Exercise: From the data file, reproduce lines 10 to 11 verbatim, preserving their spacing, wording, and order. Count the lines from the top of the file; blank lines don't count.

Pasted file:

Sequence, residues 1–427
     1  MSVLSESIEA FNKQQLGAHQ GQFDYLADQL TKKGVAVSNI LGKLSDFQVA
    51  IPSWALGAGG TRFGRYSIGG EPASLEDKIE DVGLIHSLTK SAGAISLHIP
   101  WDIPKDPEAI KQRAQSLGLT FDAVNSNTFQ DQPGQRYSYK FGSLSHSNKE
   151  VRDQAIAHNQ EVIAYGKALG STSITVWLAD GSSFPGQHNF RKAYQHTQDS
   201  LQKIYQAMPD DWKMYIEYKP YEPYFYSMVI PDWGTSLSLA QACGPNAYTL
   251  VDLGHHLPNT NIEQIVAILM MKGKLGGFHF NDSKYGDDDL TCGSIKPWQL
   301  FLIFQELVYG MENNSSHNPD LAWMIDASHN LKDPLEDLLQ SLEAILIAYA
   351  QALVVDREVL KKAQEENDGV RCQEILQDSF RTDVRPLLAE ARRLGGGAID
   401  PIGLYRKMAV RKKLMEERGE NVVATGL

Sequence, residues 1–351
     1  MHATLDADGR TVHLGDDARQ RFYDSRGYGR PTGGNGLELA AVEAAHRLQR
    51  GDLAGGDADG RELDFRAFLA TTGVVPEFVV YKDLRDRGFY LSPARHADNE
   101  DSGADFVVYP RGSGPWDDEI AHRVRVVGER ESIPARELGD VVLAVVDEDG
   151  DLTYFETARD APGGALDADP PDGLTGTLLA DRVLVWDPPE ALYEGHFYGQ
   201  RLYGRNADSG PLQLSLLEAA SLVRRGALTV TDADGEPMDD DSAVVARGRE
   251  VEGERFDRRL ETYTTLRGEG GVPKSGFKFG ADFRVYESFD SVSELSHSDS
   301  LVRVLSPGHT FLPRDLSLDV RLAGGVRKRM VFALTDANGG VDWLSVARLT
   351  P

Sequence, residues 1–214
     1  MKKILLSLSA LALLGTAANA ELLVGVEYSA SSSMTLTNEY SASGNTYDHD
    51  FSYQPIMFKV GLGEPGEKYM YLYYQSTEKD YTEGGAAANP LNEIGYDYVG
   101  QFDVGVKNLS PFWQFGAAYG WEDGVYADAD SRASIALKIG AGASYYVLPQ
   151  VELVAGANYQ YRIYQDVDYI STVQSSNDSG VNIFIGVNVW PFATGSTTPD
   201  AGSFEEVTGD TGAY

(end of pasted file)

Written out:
   401  PIGLYRKMAV RKKLMEERGE NVVATGL

Sequence, residues 1–351